Treasury Secretary Steven Mnuchin said on Monday he would talk to Congress about oversight of the government’s $660 billion small business relief Paycheck Protection Program (PPP), after earlier resisting calls to disclose the names of recipients and loan amounts.
Mnuchin wrote in a tweet he would engage with lawmakers “on a bipartisan basis” to discuss oversight arrangements that would balance disclosure with “appropriate protection of small business information.”
I will be having discussions with the Senate @SmallBizCmte and others on a bipartisan basis to strike the appropriate balance for proper oversight of #ppploans and appropriate protection of small business information. @SBAgov
— Steven Mnuchin (@stevenmnuchin1) June 15, 2020
The treasury secretary sparked controversy when he told Congress last week that he would not disclose the names of PPP loan recipients or the amounts disbursed on grounds of it being “confidential” and “proprietary” information, in part because data about employee pay is used to calculate loan eligibility.
He told the Senate Small Business Committee on June 19 that “while we absolutely believe in transparency” in regards to the variety of economic relief programs launched to help businesses weather the COVID-19 crisis, “as it relates to the names and amounts of specific PPP loans, we believe that’s proprietary information, and in many cases for sole proprietors and small businesses, is confidential information.”
Mnuchin was responding to a question by Sen. Chris Coons (D-Del.) about why the data of businesses receiving the PPP funds was not disclosed on the website of the Small Business Administration (SBA), which administers the program, while comparable information of businesses seeking loans under a similar “7A” program is disclosed. Coons said the SBA said it plans to make loan-specific information available for the PPP funds “at a future date,” but pressed Mnuchin on clarification as to why such data hasn’t yet been disclosed. He also sought assurances that the Government Accountability Office (GAO) would get access to the data it needs to do its oversight job.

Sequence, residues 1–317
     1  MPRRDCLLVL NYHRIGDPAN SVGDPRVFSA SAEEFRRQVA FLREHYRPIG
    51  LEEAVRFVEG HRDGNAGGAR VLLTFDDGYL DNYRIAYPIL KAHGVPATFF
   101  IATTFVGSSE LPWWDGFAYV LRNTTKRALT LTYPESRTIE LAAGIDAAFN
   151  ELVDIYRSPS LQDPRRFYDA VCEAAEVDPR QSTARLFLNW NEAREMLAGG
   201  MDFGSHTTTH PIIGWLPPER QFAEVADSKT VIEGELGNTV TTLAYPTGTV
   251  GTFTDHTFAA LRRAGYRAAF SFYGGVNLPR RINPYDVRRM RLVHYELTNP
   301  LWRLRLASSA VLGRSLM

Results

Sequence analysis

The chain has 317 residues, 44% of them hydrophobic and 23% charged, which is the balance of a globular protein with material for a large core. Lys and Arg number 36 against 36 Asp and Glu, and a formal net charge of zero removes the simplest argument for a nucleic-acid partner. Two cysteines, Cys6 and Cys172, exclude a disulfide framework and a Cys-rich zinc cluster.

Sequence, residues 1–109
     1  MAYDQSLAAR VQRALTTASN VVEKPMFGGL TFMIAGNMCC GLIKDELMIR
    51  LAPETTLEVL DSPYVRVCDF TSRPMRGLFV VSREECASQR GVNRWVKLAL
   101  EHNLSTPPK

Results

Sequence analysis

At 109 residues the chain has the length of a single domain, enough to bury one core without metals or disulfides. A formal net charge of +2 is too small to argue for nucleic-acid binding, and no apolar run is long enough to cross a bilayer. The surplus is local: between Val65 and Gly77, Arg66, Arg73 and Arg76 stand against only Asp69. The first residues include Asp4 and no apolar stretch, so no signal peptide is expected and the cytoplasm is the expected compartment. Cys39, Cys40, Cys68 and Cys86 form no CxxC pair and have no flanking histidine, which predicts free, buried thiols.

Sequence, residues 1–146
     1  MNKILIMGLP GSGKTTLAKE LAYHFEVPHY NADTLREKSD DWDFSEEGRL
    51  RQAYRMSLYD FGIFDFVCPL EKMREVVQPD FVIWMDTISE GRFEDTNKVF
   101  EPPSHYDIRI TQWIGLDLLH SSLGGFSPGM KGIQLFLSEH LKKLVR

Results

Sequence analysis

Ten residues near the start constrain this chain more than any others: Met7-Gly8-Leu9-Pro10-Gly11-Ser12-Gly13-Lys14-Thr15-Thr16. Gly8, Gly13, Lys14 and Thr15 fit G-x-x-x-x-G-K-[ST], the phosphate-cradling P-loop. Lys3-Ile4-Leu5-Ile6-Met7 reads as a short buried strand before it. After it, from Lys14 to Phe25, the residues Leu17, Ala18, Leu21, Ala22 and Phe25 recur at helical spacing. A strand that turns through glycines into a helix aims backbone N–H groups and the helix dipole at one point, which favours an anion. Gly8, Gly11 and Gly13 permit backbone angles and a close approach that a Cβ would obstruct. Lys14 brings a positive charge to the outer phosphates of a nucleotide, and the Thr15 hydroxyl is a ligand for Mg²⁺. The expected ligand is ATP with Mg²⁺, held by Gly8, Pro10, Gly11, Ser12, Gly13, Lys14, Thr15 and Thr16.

“So the reason why we’re not disclosing the names and individual amounts, unlike in the 7A program, is because of that issue,” Mnuchin said, referring to the problem of disclosing proprietary information of small businesses, sole proprietors, and independent contractors, including data about salaries.
“But we are working with the GAO, from an oversight … to make sure they’re comfortable and they do have access to information,” Mnuchin said.
Mnuchin’s resistance was met with blowback from both Republicans and Democrats, who said it is difficult to appropriately guide government aid during the pandemic without knowing where the money is going. Furthermore, they added the public has a right to see where taxpayer dollars are spent.
“Given the many problems with the PPP program, it is imperative American taxpayers know if the money is going where Congress intended—to the truly small and unbanked small business. The administration’s resistance to transparency is outrageous and only serves to raise further suspicions about how the funds are being distributed and who is actually benefiting,” said Senate Minority Leader Chuck Schumer (D-N.Y.) in a statement Friday.
According to the Washington Post, nearly a dozen news organizations have sued the SBA in federal court for the release of PPP loan records.
Coons on Monday announced that Democrats have officially introduced the Coronavirus Oversight and Recovery Ethics (CORE) Act (S. 3855), which a news release described as “legislation that would ensure stronger oversight, accountability, and transparency in the federal government’s response to the COVID-19 crisis.”
“We have to ensure that aid is going to workers and businesses who need it most, not just the businesses with the most political connections. This important legislation will ensure that inspectors general can do their jobs and provide real accountability for the trillions in taxpayer dollars we’re investing to keep our economy afloat,” Coons said in the release.
The official introduction of the CORE Act comes as Democrats said they are not receiving enough information about the loan disbursements and fear the Treasury Department has favored large, well-funded companies over smaller businesses in underserved communities.
Now 10 weeks after the PPP was launched, the SBA says it has processed 4.5 million loans worth $511 billion.
The loans can be forgiven if businesses use the money to keep employees on payroll or rehire workers who have been laid off.